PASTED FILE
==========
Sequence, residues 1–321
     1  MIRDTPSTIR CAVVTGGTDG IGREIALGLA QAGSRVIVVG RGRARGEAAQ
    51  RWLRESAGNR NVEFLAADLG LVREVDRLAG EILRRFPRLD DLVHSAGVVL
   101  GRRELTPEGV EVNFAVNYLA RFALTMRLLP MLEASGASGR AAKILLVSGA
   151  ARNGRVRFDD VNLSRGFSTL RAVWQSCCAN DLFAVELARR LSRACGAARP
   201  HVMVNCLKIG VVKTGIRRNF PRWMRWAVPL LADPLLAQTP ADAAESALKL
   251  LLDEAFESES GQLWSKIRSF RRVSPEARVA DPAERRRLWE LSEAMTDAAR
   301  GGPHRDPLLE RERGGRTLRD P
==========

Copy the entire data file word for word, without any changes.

Sequence, residues 1–321
     1  MIRDTPSTIR CAVVTGGTDG IGREIALGLA QAGSRVIVVG RGRARGEAAQ
    51  RWLRESAGNR NVEFLAADLG LVREVDRLAG EILRRFPRLD DLVHSAGVVL
   101  GRRELTPEGV EVNFAVNYLA RFALTMRLLP MLEASGASGR AAKILLVSGA
   151  ARNGRVRFDD VNLSRGFSTL RAVWQSCCAN DLFAVELARR LSRACGAARP
   201  HVMVNCLKIG VVKTGIRRNF PRWMRWAVPL LADPLLAQTP ADAAESALKL
   251  LLDEAFESES GQLWSKIRSF RRVSPEARVA DPAERRRLWE LSEAMTDAAR
   301  GGPHRDPLLE RERGGRTLRD P